Professor Dustin London photographed by Abeer Hoque
Dustin London is a visiting Professor of Painting in the College of Architecture + the Arts, who has started on his second year with the Art + Art History Department. London attended Michigan State University for his Bachelor of Fine Arts, and the University of Pennsylvania for his MFA. He has exhibited in spaces such as Kunsthalle Galapagos in Brooklyn, the Bronx Art Space, and the Rodger LaPelle Gallery in Philadelphia. Before arriving at FIU in Fall 2012, London was first in Brooklyn for seven years, teaching and creating art, and fulfilling his residency program with New York Foundation for the Arts. Then, he moved to New Mexico with his wife for another residency, before landing in Miami to be a professor for CARTA.
In his artistic work, London is known for his emphases on geometry and the notion of impermanence. He said, “In a painting or drawing I can subvert the usually concrete or definitive relationships associated with geometric abstraction[,] with ambiguities in space or form that allow for a more idiosyncratic visual logic.” London’s additional focus on impermanence stems from a desire to focus on the present moment and on the process of a work, rather than on its result. In fact, the pieces he makes are, usually, destroyed after their creation. However, the professor is now altering his perspective – a change that started with his residency in New Mexico. He decided to give his pieces longer existence after their creation, so that he could understand them and experience an evolution in his understanding. This, in turn, will determine his next and future work. Although he still enjoys focusing on the creative process, this change in perspective has helped London to see his work in a different light.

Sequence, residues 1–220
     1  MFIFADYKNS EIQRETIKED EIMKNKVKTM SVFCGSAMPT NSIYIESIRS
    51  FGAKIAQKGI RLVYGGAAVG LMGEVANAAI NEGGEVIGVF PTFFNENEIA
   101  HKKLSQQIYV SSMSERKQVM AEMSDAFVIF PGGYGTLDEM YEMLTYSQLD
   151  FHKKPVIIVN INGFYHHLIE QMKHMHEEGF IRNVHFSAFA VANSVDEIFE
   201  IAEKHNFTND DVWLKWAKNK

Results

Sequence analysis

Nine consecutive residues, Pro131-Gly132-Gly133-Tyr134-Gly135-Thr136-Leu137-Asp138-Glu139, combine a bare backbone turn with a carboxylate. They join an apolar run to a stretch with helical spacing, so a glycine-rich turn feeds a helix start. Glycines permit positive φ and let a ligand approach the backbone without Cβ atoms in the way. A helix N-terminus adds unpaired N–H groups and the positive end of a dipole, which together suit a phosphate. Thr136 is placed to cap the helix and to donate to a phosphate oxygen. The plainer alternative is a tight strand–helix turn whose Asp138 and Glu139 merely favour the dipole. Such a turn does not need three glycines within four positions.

In this courses at FIU, London has the same goal for his students as he does for himself as an artist. He wants them to have self-discoveries and personally rewarding experiences. “Primarily, I want to open the possibilities of what painting can be for students, to have them approach their work always with a sense of experimentation, where, hopefully, painting shows them something new or surprising. As students continue to paint into the more advanced undergraduate and graduate levels, I want to help them find a more focused inquiry, where painting is a rigorous and directed searching that leads to increasingly rich and rewarding discovery. I love painting deeply, and I can only hope that is somehow contagious.”